LA Orthopedic Group can improve functions in patients with Cerebral Palsy.
Cerebral palsy, also known as CP, is a neurological disorder that can affect movement, posture, and muscle tone. CP is the most common childhood movement disorder.
- Cerebral palsy is believed to occur in approximately 3.3 out of every 1,000 live births
- The level of disability caused by cerebral palsy can vary widely from person to person
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Types of Cerebral Palsy
Cerebral palsy can cause one or more movement disorders based on the particular area of the brain that is affected. Spastic cerebral palsy is characterized by increased muscle tone that can cause stiff, awkward movements. The increased muscle tone may only affect the legs, one side of the body, or the entire body. Individuals with dyskinetic CP have difficulty controlling movement in their extremities, which can result in writhing, slow, jerky, or rapid movements.
Ataxic CP is characterized by difficulties with coordination and balance. Individuals with this form of cerebral palsy may be unsteady when walking and have trouble with fine motor skills, such as writing and grasping objects. It is also possible for individuals to have a mixed form of CP in which they have more than one type of movement disorder.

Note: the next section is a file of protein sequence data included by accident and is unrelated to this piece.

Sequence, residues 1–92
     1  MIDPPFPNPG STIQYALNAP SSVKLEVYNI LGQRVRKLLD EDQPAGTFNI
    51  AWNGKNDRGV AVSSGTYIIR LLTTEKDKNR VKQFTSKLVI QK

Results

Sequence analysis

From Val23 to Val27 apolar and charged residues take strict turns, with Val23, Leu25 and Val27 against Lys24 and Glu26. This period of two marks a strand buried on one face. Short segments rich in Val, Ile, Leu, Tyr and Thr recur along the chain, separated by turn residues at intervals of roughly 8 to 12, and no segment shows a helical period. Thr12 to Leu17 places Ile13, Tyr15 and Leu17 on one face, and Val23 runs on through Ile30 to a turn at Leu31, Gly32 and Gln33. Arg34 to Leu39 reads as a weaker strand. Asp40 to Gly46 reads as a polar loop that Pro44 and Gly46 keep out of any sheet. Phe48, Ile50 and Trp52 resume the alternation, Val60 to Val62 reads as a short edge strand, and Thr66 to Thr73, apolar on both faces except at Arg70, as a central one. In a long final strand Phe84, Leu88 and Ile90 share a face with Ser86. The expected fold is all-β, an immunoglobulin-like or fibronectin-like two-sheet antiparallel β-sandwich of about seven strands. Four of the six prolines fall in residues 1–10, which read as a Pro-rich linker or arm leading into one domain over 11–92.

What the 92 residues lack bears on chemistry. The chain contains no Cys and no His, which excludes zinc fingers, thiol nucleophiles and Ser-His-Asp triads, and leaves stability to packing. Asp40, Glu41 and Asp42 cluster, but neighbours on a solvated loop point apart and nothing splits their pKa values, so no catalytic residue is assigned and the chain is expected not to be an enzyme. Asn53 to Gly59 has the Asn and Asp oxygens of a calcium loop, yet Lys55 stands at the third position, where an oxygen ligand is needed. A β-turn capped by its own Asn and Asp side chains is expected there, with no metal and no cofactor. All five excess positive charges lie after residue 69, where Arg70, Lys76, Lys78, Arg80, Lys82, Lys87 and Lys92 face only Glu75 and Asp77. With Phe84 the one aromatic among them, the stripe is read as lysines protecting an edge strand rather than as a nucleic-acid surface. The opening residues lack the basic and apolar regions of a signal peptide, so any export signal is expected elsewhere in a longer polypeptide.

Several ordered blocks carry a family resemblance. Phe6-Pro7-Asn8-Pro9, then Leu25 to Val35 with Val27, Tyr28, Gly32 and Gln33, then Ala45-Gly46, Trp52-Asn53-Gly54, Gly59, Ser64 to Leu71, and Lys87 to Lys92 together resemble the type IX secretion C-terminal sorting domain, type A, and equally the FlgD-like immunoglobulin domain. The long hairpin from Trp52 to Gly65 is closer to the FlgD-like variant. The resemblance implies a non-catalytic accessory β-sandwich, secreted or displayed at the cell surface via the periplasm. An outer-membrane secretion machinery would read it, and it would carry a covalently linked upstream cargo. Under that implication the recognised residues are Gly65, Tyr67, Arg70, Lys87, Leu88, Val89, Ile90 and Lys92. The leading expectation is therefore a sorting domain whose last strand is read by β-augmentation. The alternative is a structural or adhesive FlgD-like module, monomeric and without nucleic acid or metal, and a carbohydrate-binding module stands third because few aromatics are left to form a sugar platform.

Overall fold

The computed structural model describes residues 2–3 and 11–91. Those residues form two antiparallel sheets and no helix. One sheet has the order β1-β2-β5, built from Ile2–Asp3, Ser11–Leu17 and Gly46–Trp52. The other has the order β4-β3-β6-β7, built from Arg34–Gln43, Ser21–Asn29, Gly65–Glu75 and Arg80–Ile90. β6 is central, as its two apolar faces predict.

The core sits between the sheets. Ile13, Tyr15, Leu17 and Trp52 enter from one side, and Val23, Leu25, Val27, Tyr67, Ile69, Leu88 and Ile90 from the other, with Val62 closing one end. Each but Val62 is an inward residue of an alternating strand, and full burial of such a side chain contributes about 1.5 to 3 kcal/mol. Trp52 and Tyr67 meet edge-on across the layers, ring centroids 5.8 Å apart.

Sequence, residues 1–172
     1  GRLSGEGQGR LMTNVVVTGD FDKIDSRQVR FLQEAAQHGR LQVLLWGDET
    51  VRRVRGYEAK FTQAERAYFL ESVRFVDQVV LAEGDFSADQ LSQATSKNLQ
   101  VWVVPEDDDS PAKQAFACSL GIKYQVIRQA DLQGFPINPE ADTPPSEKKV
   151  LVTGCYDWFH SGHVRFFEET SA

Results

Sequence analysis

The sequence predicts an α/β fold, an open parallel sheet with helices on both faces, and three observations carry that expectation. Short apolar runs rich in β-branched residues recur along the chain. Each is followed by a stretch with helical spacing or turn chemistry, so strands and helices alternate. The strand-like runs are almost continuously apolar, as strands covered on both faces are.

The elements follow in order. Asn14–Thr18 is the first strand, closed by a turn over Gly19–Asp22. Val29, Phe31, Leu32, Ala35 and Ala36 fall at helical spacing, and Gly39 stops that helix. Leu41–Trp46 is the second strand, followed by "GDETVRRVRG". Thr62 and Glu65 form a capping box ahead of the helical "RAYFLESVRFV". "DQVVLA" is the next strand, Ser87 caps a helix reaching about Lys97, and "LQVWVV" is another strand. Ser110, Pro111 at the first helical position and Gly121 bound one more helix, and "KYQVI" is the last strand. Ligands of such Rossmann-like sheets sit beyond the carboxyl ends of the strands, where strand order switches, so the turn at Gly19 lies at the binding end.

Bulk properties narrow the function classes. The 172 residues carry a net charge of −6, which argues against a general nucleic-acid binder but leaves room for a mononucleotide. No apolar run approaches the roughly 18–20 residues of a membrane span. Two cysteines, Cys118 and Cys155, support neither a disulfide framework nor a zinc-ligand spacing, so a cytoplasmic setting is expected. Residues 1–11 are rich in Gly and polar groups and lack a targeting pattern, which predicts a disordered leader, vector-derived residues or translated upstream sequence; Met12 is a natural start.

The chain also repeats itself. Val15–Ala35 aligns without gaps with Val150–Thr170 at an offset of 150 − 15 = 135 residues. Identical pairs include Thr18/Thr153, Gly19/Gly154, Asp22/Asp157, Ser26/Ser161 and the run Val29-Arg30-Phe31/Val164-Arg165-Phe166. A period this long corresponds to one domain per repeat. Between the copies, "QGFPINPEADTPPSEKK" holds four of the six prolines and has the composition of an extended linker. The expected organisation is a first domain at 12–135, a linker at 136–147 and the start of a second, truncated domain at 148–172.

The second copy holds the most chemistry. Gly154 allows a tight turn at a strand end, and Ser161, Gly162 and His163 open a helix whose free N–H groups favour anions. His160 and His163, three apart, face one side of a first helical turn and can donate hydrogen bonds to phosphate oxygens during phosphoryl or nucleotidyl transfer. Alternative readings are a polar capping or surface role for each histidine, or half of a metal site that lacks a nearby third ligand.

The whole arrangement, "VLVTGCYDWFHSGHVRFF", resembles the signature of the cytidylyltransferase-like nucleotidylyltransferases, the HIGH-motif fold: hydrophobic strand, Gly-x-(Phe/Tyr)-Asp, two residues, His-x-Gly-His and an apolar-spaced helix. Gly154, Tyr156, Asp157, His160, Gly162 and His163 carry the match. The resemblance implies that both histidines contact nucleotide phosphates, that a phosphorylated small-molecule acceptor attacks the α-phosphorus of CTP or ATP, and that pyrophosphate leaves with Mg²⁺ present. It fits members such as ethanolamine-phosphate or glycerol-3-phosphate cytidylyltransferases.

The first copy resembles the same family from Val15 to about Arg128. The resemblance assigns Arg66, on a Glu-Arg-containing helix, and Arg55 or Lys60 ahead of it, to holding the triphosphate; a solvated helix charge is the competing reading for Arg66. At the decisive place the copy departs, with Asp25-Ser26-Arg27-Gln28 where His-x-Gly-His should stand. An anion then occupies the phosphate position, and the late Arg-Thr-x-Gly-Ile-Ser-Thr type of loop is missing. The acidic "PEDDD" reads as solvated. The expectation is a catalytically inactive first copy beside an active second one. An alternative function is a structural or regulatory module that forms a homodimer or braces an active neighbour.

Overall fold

Causes of Cerebral Palsy
Cerebral palsy is the result of abnormal development or damage affecting the portion of the brain that controls movement. CP can occur in utero, during birth, or during the first years of life as the brain continues to develop. Some factors that can lead to cerebral palsy include:
- Genetic mutations
- Maternal infections during pregnancy
- Fetal stroke or a lack of oxygen during a difficult delivery
- Infant head trauma
- Illnesses during infancy that cause brain inflammation
Symptoms of Cerebral Palsy
Early signs of cerebral palsy typically occur during the first few months of life, but the condition may not be diagnosed until the child starts to show various developmental delays, such being slow to crawl or walk. A child under six months of age may feel overly stiff or floppy when held. The child’s head may lag and their legs may cross or scissor when they are picked up. A child over six months of age may still be unable to roll over or demonstrate hand/eye coordination. A child with CP may crawl in a lopsided fashion or be unable to stand even with support. Children with CP will often favor one side of the body while the other side remains overly stiff or drags behind.
The lack of muscle control may cause problems with eating, swallowing, and speech development. Neurological problems, such as seizures, impaired sensation, vision and hearing impairments, intellectual disabilities, and urinary incontinence can also occur in individuals with cerebral palsy.
Diagnosis and Treatment of Cerebral Palsy
MRIs, cranial ultrasounds, and other brain-imaging technology can be used to identify areas of abnormal brain development and damage. While CP cannot be cured, medications, physical and other non-drug therapies, and assistive devices can help improve functional status in individuals with cerebral palsy.